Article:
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pthread_cancel, pthread_setcancelstate, pthread_setcanceltype, pthread_testcancel - thread cancellation
int pthread_cancel(pthread_t thread);
int pthread_setcancelstate(int state, int *oldstate);
int pthread_setcanceltype(int type, int *oldtype);
Cancellation is the mechanism by which a thread can terminate the execution of another thread. More precisely, a thread can send a cancellation request to another thread. Depending on its settings, the target thread can then either ignore the request, honor it immediately, or defer it until it reaches a cancellation point.
When a thread eventually honors a cancellation request, it performs as if pthread_exit(PTHREAD_CANCELED) has been called at that point: all cleanup handlers are executed in reverse order, destructor functions for thread-specific data are called, and finally the thread stops executing with the return value PTHREAD_CANCELED. See pthread_exit(3) for more information.
pthread_cancel sends a cancellation request to the thread denoted by the thread argument.
pthread_setcancelstate changes the cancellation state for the calling thread -- that is, whether cancellation requests are ignored or not. The state argument is the new cancellation state: either PTHREAD_CANCEL_ENABLE to enable cancellation, or PTHREAD_CANCEL_DISABLE to disable cancellation (cancellation requests are ignored). If oldstate is not NULL, the previous cancellation state is stored in the location pointed to by oldstate, and can thus be restored later by another call to pthread_setcancelstate.
pthread_setcanceltype changes the type of responses to cancellation requests for the calling thread: asynchronous (immediate) or deferred. The type argument is the new cancellation type: either PTHREAD_CANCEL_ASYNCHRONOUS to cancel the calling thread as soon as the cancellation request is received, or PTHREAD_CANCEL_DEFERRED to keep the cancellation request pending until the next cancellation point. If oldtype is not NULL, the previous cancellation state is stored in the location pointed to by oldtype, and can thus be restored later by another call to pthread_setcanceltype.
Pthreads-w32 provides two levels of support for PTHREAD_CANCEL_ASYNCHRONOUS: full and partial. Full support requires an additional DLL and driver be installed on the Windows system (see the See Also section below) that allows blocked threads to be cancelled immediately. Partial support means that the target thread will not cancel until it resumes execution naturally. Partial support is provided if either the DLL or the driver are not automatically detected by the pthreads-w32 library at run-time.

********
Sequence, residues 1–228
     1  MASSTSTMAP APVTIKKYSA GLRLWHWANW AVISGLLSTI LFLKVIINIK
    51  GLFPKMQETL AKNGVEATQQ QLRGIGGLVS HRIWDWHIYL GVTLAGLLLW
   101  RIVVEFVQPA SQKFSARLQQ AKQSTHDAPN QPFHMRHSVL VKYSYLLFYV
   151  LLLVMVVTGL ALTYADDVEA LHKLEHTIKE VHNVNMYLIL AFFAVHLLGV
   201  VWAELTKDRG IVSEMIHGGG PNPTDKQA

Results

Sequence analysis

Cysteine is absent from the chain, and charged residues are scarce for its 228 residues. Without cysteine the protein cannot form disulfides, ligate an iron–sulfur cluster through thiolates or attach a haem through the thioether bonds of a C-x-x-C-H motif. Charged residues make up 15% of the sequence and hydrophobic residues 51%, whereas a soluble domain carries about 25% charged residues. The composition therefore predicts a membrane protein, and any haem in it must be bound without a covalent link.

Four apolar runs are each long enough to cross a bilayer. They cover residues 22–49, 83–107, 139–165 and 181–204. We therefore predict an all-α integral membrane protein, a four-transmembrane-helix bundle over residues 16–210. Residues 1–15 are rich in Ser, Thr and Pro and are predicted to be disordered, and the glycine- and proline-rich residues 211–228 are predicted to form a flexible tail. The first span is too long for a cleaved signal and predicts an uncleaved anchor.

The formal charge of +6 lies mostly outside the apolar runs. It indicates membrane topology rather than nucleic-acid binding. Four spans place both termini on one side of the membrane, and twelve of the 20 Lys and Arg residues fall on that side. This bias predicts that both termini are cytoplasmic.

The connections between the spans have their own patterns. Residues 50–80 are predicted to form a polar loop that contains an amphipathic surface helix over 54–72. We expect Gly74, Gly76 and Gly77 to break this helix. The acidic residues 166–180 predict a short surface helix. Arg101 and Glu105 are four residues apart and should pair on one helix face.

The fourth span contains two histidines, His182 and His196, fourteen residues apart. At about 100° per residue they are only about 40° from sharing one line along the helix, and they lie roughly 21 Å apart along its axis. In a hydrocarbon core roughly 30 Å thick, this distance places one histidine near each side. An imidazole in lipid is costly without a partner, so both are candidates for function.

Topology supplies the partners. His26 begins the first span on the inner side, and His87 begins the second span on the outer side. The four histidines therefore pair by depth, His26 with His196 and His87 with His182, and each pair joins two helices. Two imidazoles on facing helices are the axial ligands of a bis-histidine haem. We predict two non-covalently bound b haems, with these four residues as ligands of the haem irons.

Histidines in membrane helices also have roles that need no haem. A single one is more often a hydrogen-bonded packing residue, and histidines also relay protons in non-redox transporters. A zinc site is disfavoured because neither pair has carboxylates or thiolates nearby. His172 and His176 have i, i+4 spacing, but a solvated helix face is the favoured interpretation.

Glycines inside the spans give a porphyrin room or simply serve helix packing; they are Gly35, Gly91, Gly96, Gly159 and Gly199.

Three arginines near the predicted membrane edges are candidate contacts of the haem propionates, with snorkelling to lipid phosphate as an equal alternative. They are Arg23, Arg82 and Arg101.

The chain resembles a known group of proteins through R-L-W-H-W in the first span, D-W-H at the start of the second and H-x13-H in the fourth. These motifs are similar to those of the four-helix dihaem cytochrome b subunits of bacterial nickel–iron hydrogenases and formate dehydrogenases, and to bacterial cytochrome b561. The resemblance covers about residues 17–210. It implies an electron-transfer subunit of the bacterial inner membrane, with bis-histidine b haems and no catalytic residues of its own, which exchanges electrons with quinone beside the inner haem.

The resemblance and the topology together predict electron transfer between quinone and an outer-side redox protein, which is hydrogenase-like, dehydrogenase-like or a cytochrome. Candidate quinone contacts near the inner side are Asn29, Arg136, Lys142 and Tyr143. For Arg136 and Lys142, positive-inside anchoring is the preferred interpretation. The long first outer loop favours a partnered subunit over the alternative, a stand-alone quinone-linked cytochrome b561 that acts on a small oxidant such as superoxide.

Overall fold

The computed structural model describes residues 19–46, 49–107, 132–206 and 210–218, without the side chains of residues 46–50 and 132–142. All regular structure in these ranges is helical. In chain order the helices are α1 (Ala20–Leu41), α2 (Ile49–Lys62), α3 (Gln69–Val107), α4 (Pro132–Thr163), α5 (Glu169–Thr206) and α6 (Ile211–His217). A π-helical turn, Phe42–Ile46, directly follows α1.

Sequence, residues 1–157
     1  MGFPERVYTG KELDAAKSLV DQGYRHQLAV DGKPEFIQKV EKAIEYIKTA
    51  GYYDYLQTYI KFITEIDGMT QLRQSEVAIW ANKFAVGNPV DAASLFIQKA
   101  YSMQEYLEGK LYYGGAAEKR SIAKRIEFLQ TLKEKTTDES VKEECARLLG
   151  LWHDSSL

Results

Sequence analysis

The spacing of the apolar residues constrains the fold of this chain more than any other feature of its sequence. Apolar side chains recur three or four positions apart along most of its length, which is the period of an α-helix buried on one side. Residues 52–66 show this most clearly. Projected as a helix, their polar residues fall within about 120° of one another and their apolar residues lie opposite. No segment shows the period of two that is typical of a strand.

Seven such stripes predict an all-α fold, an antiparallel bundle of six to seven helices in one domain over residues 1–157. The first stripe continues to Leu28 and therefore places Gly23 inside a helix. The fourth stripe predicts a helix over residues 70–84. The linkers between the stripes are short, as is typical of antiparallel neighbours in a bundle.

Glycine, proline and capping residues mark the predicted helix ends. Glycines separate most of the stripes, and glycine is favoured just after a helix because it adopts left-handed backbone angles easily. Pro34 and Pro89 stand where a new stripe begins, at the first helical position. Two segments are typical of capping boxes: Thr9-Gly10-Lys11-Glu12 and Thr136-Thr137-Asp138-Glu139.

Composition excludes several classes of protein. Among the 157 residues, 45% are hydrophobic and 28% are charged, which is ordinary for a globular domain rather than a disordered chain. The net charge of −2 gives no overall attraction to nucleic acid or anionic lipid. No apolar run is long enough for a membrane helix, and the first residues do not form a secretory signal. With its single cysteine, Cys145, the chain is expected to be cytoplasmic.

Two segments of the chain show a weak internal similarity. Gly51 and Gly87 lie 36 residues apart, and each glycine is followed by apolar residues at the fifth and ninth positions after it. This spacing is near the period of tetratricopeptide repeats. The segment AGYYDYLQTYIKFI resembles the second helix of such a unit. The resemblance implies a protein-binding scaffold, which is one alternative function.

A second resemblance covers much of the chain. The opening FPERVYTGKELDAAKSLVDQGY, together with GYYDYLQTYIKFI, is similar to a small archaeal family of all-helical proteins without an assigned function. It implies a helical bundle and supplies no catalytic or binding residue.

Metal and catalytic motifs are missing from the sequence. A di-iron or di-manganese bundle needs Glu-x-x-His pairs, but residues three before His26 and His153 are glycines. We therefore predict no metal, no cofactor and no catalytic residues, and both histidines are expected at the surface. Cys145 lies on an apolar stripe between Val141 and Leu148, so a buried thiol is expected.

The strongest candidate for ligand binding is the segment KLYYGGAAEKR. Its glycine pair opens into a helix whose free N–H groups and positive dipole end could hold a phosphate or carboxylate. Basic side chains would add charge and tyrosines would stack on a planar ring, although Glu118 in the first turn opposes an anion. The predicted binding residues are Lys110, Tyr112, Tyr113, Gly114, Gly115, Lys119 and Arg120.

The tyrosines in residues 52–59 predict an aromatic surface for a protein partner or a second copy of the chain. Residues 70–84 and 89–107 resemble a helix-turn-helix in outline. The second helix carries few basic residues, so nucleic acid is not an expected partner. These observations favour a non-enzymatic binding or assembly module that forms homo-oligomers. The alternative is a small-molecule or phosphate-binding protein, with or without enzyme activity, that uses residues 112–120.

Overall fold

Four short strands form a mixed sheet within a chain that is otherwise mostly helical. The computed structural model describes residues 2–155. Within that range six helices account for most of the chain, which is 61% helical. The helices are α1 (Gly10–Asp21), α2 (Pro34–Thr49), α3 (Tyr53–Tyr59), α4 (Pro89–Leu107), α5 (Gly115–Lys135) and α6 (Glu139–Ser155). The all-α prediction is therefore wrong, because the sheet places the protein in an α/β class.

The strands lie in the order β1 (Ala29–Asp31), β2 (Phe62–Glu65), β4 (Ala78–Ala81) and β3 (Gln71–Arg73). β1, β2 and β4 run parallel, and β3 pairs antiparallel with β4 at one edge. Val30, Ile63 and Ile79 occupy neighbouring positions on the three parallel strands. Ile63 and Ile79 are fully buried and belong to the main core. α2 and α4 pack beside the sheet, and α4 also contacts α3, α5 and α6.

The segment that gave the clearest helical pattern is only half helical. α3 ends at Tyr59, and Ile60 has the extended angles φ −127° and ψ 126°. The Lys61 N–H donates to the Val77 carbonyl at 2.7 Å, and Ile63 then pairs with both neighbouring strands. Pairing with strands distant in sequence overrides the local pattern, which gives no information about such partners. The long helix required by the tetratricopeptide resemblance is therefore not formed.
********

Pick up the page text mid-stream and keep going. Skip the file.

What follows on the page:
Threads are always created by pthread_create(3) with cancellation enabled and deferred. That is, the initial cancellation state is PTHREAD_CANCEL_ENABLE and the initial type is PTHREAD_CANCEL_DEFERRED.
Cancellation points are those points in the program execution where a test for pending cancellation requests is performed and cancellation is executed if positive. The following POSIX threads functions are cancellation points:
Pthreads-w32 provides two functions to enable additional cancellation points to be created in user functions that block on Win32 HANDLEs:
All other POSIX threads functions are guaranteed not to be cancellation points. That is, they never perform cancellation in deferred cancellation mode.
pthread_testcancel does nothing except testing for pending cancellation and executing it. Its purpose is to introduce explicit checks for cancellation in long sequences of code that do not call cancellation point functions otherwise.
pthread_cancel, pthread_setcancelstate and pthread_setcanceltype return 0 on success and a non-zero error code on error.
pthread_cancel returns the following error code on error:
pthread_setcancelstate returns the following error code on error:
PTHREAD_CANCEL_ENABLE nor PTHREAD_CANCEL_DISABLE
pthread_setcanceltype returns the following error code on error:
PTHREAD_CANCEL_DEFERRED nor PTHREAD_CANCEL_ASYNCHRONOUS
Xavier Leroy <Xavier.Leroy@inria.fr>
Modified by Ross Johnson for use with Pthreads-w32.
pthread_exit(3) , pthread_cleanup_push(3) , pthread_cleanup_pop(3) , Pthreads-w32 package README file 'Prerequisites' section.
POSIX specifies that a number of system calls (basically, all system calls that may block, such as read(2) , write(2) , wait(2) , etc.) and library functions that may call these system calls (e.g. fprintf(3) ) are cancellation points. Pthreads-win32 is not integrated enough with the C library to implement this, and thus none of the C library functions is a cancellation point.
A workaround for these calls is to temporarily switch to asynchronous cancellation (assuming full asynchronous cancellation support is installed). So, checking for cancellation during a read system call, for instance, can be achieved as follows:
pthread_setcanceltype(PTHREAD_CANCEL_ASYNCHRONOUS, &oldCancelType); read(fd, buffer, length); pthread_setcanceltype(oldCancelType, NULL);
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